You only have to visit Mauritius once to realize that there’s nothing quite as diverse as Mauritian cuisine. Because the island seamlessly gathers cultures from all around the world, you can expect to sample an interesting medley of international and local concoctions, with distinctive Chinese, Indian and Creole spins.
It’s no secret that Mauritians like to eat. Which may probably explain why you’ll undoubtedly see stalls of food just about everywhere on the island during your holiday in Mauritius. It’s also interesting to note the vibrant blend of history and culture that’s often reflected in the island’s street food. Not to mention that it’s far less consuming to chow down some street snacks in-between sightseeing than to eat at a restaurant, especially if you’re in a rush.
And if you’re worried about which street food in Mauritius to try first, here’s a list of my personal favorites:
Soak in the tropical freshness
If there’s one thing you can always get in Mauritius, it’s an abundance of fresh produce. A visit to one of the many scenic beaches in Mauritius wouldn’t be considered complete without buying one of the ultra-popular fresh fruit cups, with or without a dash of sweet tamarind sauce and sprinkled with plenty of chili salt. Or lie back in the sunshine while you nibble on fresh pineapple slices, again coated in that famous chili salt.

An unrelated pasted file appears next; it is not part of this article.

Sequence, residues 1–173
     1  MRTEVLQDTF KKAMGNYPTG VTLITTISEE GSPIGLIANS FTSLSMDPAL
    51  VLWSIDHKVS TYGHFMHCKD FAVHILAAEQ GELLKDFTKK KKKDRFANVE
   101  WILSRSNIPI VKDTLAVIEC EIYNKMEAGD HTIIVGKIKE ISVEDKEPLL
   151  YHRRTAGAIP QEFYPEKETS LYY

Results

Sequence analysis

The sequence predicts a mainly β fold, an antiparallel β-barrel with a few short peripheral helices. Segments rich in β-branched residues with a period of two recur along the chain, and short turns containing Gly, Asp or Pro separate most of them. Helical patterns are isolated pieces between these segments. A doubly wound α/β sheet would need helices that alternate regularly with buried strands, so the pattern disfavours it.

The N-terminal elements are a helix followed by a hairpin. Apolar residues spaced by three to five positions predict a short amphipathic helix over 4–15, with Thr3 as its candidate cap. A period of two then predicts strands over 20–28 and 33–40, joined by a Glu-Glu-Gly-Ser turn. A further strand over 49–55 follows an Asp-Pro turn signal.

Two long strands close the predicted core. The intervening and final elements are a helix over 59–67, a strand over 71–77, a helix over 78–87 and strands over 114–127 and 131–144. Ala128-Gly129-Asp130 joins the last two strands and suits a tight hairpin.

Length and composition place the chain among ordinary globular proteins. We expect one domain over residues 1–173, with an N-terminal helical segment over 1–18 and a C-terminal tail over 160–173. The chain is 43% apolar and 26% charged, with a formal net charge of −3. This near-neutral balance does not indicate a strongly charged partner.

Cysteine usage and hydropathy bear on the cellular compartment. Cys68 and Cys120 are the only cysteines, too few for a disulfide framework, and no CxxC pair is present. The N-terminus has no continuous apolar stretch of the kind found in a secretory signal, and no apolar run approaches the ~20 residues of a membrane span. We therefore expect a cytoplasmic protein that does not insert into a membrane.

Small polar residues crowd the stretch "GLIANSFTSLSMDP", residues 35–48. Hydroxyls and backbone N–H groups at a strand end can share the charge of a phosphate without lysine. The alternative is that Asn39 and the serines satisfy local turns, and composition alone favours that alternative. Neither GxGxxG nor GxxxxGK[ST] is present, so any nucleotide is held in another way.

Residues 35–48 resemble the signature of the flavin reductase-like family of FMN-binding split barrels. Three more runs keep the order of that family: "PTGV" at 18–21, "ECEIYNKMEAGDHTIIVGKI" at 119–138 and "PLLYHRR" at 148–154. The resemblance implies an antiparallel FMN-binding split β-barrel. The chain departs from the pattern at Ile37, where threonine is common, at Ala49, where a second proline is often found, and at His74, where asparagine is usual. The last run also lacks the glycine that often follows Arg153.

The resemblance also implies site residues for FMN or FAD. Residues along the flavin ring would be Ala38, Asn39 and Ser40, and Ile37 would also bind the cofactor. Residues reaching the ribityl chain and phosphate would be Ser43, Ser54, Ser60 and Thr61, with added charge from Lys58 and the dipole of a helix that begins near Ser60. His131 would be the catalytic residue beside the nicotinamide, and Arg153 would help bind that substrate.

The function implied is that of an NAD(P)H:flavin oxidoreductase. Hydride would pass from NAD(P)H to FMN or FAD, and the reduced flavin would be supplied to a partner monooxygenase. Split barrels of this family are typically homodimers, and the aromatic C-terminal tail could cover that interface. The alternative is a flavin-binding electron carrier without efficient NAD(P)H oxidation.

Best of all, you’ll find these distinctively tropical snacks just about anywhere on the island, including the famous bazars, or craft markets, in the capital city of Port-Louis.
Tip from an insider: never, ever hesitate to ask for some extra tamarind sauce. Trust me on that.
Now, if you’re planning a holiday in Mauritius between the months of November and February, you might just be lucky enough to sample the fruits that everyone- locals and tourists alike- spend a whole year waiting for. I am talking, of course, about the highly-coveted Mauritian litchis and longans (also known as Dragon’s Eye in some parts of the world). Personally, I like to let these intensely fleshy fruits chill overnight before sinking my teeth into their juicy sweetness on a hot blazing day. Mangoes are also end-of-year staples in Mauritius, and you’ll be able to purchase them completely ripe (I love to add these to smoothies), or semi-ripe, which hits just the right sweet and sour notes.
And of course, no tropical fruit platter would be complete without refreshing slices of watermelon. Like pineapple, this fruit is commonly sold in slices just about anywhere on the island.
Yes, fresh is always better but did you know that Mauritians adore pickled and stewed fruits as well? Ask just any local to point you out to the nearest ‘fruit confit’ seller and take the time to sample the exquisitely moreish pickled olives, caramelized berries or sweet slices of stewed mangoes.
You can’t wrap up your holiday in Mauritius without dedicating at least one day to explore the shockingly diverse street food on the island. Let me break down some of the more popular ones for you:
- Dholl Puri